Guguyimidjir/Guugu Yimithirr

We’re up to the first week mark in the A to Z of Endangered Languages series, so it’s time for the letter G – and for this we have the language Guguyimidjir!


Guguyimidjir (also known as Guugu Yimithirr) is an Australian Aboriginal language spoken by 780 people in the community of Hopevale, Queensland. UNESCO classifies the language as vulnerable, with Ethnologue adding that children seem to still understand the language, though there is a shift towards them speaking Aboriginal English.

There are many interesting aspects to the Guguyimidjir language; for instance, in 1770, it became the first Australian Aboriginal language to be written down, and it is the language that the word “kangaroo” originates from – but by far one of the most-studied parts of the language is the fact that, like the picture says, cardinal directions are used for spatial reasoning.

What this means is, instead of using the egocentric method – that is, something being to the left or right of the speaker (or listener), the people who speak Guguyimidjir use the cardinal directions – north, south, east, west – even when they are speaking about something in relation to another person. There are other languages that do this as well, but this occurrence in Guguyimidjir has been extensively studied.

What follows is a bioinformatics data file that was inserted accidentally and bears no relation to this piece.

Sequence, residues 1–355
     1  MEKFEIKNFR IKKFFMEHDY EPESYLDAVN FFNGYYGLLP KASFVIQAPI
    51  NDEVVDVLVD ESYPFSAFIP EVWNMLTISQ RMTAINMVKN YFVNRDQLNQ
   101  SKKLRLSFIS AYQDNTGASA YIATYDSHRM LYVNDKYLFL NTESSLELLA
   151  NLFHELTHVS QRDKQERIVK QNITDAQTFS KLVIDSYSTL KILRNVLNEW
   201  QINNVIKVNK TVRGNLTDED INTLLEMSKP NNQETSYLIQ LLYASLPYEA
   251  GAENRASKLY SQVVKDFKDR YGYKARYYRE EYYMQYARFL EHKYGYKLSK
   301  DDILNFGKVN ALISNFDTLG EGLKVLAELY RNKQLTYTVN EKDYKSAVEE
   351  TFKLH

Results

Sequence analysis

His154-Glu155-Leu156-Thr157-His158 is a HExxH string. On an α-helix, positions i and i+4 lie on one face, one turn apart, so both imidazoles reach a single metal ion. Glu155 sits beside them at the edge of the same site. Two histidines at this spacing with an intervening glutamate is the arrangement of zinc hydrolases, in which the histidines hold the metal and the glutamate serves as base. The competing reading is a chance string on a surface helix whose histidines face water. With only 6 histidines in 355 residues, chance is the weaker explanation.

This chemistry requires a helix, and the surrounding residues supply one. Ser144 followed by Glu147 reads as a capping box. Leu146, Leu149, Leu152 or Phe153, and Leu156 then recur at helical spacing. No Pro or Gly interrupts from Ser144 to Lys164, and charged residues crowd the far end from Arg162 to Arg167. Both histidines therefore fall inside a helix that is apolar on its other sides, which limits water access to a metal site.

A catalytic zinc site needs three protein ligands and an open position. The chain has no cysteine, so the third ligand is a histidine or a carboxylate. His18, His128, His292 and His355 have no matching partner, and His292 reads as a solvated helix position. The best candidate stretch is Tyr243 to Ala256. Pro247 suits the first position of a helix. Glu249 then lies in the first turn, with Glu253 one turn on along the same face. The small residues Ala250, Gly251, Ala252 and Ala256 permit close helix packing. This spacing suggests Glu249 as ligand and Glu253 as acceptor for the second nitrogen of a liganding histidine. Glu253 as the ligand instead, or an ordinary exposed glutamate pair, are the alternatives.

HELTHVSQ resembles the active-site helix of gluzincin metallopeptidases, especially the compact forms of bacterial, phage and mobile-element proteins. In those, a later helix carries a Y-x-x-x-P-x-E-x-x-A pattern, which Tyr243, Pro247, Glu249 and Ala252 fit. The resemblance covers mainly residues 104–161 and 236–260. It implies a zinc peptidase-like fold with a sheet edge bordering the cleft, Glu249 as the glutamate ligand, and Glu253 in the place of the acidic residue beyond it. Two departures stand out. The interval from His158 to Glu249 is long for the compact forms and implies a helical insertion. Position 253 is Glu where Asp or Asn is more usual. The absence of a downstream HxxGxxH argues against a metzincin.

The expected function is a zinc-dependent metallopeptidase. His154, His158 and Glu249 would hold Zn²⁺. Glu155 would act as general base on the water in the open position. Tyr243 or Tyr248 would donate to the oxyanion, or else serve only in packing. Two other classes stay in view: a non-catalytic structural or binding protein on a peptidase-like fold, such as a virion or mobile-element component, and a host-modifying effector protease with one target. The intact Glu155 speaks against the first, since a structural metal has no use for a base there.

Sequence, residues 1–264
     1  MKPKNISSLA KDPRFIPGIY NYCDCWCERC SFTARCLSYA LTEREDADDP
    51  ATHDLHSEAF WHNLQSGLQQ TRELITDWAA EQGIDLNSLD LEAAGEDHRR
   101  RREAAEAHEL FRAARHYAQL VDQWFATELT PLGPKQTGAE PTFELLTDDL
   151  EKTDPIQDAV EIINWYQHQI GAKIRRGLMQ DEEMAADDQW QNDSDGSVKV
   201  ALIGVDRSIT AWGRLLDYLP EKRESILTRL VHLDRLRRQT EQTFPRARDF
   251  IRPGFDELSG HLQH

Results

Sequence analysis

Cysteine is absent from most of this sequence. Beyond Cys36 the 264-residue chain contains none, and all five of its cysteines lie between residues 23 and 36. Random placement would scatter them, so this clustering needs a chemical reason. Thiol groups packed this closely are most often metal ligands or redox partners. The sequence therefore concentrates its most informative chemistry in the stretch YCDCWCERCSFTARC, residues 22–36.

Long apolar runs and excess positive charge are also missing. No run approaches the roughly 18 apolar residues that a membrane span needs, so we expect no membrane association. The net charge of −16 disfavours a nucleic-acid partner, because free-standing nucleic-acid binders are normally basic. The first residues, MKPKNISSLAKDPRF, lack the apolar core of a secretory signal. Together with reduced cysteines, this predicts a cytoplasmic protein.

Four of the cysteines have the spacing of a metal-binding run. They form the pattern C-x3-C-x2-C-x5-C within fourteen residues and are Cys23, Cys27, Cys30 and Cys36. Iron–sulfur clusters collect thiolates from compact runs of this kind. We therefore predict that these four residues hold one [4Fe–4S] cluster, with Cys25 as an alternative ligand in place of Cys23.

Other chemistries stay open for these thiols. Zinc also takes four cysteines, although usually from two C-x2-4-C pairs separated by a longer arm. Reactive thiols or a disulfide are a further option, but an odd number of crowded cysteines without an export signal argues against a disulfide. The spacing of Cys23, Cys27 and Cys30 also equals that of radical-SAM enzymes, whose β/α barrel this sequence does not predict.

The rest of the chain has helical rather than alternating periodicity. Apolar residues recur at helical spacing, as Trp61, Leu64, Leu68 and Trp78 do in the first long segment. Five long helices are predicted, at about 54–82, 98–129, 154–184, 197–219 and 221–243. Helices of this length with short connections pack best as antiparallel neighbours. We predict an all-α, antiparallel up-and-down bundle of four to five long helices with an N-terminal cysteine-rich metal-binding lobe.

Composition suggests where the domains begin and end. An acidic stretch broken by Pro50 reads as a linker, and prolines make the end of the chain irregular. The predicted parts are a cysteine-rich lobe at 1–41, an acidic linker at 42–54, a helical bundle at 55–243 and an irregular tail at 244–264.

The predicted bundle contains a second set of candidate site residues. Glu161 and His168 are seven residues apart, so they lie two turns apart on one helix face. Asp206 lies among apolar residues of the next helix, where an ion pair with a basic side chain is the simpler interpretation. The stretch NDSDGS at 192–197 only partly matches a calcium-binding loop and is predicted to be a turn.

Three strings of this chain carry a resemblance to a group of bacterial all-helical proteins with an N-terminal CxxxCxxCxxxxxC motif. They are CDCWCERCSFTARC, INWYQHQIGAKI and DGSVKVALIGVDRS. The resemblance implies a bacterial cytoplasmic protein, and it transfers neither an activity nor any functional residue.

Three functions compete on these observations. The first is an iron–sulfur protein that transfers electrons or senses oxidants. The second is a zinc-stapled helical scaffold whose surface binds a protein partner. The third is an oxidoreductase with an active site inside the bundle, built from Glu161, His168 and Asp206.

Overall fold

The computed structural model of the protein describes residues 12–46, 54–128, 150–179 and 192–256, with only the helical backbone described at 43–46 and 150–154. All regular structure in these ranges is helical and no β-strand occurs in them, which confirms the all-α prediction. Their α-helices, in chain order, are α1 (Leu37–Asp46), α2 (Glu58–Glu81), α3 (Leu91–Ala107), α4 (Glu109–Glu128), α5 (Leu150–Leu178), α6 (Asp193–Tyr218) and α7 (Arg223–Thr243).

With the language only being classified as vulnerable, and efforts to teach it and promote it, particularly in Hopevale, it seems likely that it could still survive for a while yet.

Sources/Further Reading

Ethnologue: Guguyimidjir
Language Village: tumblinguistics – Guugu Yimithirr
Wikipedia: Guugu Yimithirr language
Haviland, John B.: Guugu Yimithirr Cardinal Directions
Levinson, S. C.: Language and Cognition – The cognitive consequences of spatial description in Guugu Yimithirr
Expect Labs: How Language Shapes Reality – Exploring Guugu Yimithirr
The New York Times: Does Your Language Shape How You Think?
Cape York Institute: Recognition for the Revitalisation of Culture through Language

And here’s a list of the languages I’ll be looking at in the next week:

Saturday 9th August: H – Huilliche
Monday 11th August: I – Irántxe
Tuesday 12th August: J – Jerung
Wednesday 13th August: K – Kalmyk
Thursday 14th August: L – Ladin
Friday 15th August: M – Manchu

One comment

  1. Reblogged this on Epenthesis and commented:
    Today The Linguistics Corner takes into consideration a language that uses a particular spatial deixis. Let’s take a look.

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